The British left’s red-brown problem
[This is a long-read. It originally appeared on my Substack newsletter in two parts. I’m making it available here because it has stimulated an sharp political debate in the UK.]
I was recently alerted to an anti-Semitic post by a participant in the 5,000-strong private Facebook group “Organise Corbyn Inspired Socialist Alliance” (OCISA), which has been formed to unseat Keir Starmer. It reads:
“Starmer is a Right wing Red Tory Zionist Israel paid Scab along with Berger, Smeeth, Coyle, Hodge…”
…followed by a list of Labour MPs, both Jewish and non-Jewish. When challenged by another member of the group, the author replies:
“Starmers wife is Israeli her relations in Israel or all Zionist supporters of Extrem right wing Naitinhau and one or more of Starmer’s wife’s relations or members of Mossad Starmer was could still be MI5” [all errors in the original].
The author spends much of his time on Facebook posting pro-Russian content, plus conspiracy theories about US biolabs and Hunter Biden. He predicts a new American civil war between “Democrats Zionist Vs Republican Nazis”. He habitually slanders Ukrainians as Nazis and is obsessively hostile to President Zelensky.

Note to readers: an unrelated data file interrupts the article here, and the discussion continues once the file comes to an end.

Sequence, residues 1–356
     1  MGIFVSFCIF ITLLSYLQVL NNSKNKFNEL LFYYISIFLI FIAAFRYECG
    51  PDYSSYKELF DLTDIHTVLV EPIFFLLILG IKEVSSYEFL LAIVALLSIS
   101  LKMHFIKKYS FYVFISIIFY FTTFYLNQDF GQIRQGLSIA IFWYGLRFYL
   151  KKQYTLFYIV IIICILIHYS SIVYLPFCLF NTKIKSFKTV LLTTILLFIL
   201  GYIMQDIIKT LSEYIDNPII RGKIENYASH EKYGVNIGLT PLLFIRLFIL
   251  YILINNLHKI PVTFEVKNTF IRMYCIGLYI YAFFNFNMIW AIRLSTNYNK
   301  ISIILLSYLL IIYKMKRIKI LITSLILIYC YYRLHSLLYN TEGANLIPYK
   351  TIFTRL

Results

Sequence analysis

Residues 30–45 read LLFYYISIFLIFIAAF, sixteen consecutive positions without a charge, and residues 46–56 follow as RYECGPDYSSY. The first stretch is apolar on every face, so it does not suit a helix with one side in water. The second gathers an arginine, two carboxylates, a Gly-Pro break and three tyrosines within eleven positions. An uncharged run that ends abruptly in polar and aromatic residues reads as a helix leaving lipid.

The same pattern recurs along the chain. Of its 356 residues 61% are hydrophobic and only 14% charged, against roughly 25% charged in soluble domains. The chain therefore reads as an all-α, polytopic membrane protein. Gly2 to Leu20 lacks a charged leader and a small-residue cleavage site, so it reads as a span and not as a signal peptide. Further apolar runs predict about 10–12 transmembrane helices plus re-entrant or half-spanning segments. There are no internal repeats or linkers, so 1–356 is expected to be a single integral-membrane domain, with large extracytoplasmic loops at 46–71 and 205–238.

He is, in short, a long way down the rabbit hole of red-brown politics — where the conspiracy theories and obsessions of the far left and far right are becoming merged.
But who has led him there? Who has given him permission to believe his politics are in any way “left”? What kind of politics does his brand of conspiratorial folklore represent? And what should the labour movement be doing to fight it?
The Big Lie film
Last month the Glastonbury Festival cancelled a screening of the documentary Oh Jeremy Corbyn: The Big Lie, after I (in addition to the Jewish Board of Deputies and the Security Minister Tom Tugendhat) pointed out that a sequence in it — implicitly accusing Jews of orchestrating Corbyn’s defeat, alongside Israel — breached the IHRA’s working definition of anti-Semitism.